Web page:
With only a handful of staff, we have met all of the 19 clinical targets set by the NHS, including those concerning heart disease, obesity, diabetes, cancer, and mental health, in an area with a higher than average rate of most of these illnesses.
Small and intimate community-based medical practices achieve this not only through excellence in clinical care but also by providing services to develop a greater sense of well-being among patients. Outreach clinics, complementary medicine, and close involvement of patients all add value to what locally-based medical practices contribute.
Grange Hill Patients Forum member Bob Stevens offers support: “The beauty of a surgery like Grange Hill is the commitment and dedication to families, and taking the time to listen to your problems.”
Another Forum member Gill Craddock said: “It is important to retain the smaller GP practices. In addition to a personal service, the continuity of the patient-doctor relationship is paramount.”
The Government’s proposal to create “Darzi clinics”, especially the larger, less personal polyclinics threatens the comprehensive, high quality and local care offered by family doctors and their staff. We may be witnessing the latest in a series of short-term policy developments that have seen corner shops, post offices, local banks and NHS dentists all close down with little thought for the wider and longer term effects on community cohesion and wellbeing.
If we are really to tackle health inequalities in the most deprived communities in Birmingham, we need a concerted effort in both health and social policy approaches.
Community-based medical services and health education can play a major role.
However, health, well-being and lower life expectancy – mainly in Birmingham’s inner city areas but also in some of our peripheral housing estates – are strongly associated with rundown and overcrowded housing, poor air quality, poverty, low income and low self-esteem, as well as factors linked to certain cultural and religious practices and issues.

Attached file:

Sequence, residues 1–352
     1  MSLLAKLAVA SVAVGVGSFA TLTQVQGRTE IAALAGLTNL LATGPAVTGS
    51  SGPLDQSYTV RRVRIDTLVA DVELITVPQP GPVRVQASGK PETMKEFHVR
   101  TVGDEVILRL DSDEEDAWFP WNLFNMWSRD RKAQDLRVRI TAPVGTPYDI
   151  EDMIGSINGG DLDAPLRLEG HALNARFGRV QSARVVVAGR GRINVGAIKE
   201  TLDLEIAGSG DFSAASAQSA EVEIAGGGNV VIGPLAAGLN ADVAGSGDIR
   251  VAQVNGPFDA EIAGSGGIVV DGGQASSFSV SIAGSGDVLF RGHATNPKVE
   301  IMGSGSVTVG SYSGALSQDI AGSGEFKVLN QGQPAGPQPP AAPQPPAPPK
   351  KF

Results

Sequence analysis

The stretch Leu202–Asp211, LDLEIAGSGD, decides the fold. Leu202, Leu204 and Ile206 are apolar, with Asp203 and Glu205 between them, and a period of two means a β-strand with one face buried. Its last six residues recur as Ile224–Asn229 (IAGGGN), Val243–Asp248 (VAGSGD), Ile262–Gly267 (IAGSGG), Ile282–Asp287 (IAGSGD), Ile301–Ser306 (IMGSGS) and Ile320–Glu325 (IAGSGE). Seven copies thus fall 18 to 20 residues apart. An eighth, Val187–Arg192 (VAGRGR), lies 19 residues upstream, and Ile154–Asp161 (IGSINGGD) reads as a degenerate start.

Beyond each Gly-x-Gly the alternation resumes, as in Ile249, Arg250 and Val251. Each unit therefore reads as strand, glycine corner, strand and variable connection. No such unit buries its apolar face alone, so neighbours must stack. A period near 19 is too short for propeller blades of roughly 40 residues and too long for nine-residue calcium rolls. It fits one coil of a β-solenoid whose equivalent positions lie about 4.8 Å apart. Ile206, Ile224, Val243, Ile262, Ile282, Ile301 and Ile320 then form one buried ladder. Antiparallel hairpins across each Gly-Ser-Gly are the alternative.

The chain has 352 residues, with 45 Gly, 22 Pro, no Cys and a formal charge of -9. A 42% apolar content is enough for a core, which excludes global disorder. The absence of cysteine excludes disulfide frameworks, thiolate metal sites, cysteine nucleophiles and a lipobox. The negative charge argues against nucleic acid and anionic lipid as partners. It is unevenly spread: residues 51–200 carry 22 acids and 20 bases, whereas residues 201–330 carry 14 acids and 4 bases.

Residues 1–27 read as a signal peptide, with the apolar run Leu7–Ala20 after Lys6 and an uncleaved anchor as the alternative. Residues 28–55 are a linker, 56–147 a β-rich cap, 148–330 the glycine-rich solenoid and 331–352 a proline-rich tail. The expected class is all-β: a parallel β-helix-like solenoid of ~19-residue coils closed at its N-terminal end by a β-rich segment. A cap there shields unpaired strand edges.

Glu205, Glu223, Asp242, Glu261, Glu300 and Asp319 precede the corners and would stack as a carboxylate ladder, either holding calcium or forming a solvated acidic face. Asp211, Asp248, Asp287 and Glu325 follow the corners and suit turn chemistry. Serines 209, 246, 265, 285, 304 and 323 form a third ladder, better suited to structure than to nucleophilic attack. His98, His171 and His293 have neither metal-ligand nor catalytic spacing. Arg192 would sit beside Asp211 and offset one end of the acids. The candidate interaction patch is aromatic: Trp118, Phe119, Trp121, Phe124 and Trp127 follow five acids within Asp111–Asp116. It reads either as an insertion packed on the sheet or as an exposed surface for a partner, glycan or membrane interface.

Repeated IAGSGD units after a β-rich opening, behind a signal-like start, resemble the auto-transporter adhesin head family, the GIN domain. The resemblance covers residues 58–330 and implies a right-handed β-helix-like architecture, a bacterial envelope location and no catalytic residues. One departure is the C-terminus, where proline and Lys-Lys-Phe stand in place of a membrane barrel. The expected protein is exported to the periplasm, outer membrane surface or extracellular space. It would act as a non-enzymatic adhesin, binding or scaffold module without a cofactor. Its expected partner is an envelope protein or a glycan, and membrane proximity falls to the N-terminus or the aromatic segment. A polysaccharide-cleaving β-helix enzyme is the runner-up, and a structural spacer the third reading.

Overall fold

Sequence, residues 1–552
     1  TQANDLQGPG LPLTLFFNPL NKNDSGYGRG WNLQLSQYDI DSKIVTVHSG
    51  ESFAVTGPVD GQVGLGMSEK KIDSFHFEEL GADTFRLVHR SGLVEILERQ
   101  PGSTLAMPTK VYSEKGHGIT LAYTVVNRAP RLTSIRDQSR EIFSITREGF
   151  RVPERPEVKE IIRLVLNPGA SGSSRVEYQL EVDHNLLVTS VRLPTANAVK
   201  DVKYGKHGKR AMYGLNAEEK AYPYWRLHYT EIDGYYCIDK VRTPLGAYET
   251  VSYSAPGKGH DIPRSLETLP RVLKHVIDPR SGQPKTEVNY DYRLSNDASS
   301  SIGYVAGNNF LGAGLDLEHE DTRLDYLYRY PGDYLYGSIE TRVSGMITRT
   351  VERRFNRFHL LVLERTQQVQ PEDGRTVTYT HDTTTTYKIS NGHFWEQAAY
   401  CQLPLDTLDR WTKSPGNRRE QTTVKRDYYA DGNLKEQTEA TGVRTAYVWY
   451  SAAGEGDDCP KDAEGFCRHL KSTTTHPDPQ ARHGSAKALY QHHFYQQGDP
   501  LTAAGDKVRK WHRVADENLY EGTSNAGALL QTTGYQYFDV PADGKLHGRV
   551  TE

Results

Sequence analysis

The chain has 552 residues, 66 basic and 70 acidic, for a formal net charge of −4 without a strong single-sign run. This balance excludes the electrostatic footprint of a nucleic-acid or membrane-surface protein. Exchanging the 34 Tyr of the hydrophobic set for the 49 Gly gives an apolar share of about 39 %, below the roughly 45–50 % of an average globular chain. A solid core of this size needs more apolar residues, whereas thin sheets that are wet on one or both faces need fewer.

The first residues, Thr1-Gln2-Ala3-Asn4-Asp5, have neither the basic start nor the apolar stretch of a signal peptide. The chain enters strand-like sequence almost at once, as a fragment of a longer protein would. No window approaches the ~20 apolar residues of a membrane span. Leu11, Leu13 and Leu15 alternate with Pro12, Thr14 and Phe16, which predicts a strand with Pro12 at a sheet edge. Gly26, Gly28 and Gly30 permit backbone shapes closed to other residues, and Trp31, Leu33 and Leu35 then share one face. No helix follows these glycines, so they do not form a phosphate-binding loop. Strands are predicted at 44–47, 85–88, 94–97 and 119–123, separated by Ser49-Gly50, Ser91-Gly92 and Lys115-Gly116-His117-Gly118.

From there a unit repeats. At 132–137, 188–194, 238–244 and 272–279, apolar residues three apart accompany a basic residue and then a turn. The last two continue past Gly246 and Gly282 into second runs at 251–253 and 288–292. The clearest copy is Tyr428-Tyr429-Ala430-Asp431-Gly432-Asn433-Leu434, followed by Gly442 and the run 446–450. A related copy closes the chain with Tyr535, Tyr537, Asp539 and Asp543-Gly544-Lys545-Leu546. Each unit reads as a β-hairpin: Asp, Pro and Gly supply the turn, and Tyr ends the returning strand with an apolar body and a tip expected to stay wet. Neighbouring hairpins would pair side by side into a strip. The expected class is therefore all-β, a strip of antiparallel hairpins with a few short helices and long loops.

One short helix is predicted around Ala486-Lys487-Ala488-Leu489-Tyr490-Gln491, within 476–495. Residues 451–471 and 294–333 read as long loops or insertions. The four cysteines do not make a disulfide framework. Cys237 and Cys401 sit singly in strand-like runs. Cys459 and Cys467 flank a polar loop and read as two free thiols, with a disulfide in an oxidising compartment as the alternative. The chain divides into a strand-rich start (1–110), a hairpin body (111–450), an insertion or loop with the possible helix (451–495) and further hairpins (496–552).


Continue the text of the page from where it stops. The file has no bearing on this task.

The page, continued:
Investment in housing, community infrastructure, jobs, skills and education, as well as health, can all play a part in reducing inequalities in health between our most deprived communities and those marked by greater affluence in the suburbs.
The 60-year history of the NHS is replete with continual experiments, evolutions and revolutions in medical practices and science, management and administration.
Dealing with entrenched and vested interests has been part and parcel of change and development since Aneurin Bevin’s universalist dream came into creation in 1948, but should not play too large a role in shaping how future primary care services for the most disadvantaged communities are delivered.
That having been said, at a time when the NHS has grown into a complicated, £105 billion per year services, arguments against the “Darzi clinics” run deeper than that.
We need to preserve the more “human” face of this gigantic service through smaller, family-centred surgeries that place a high premium on being in touch with our patients and the community in which they live.
At the heart of the current debate, then, is the consumerist primary care delivery model, proposed by the Government, versus the long term doctor-patient relationship represented by smaller community-based practices.
We are about listening to local people and working with them to improve their health, well-being and quality of life.
Before we rush headlong into another untested experiment in primary care, can we consider the valuable role that community-focused practices play in deprived communities?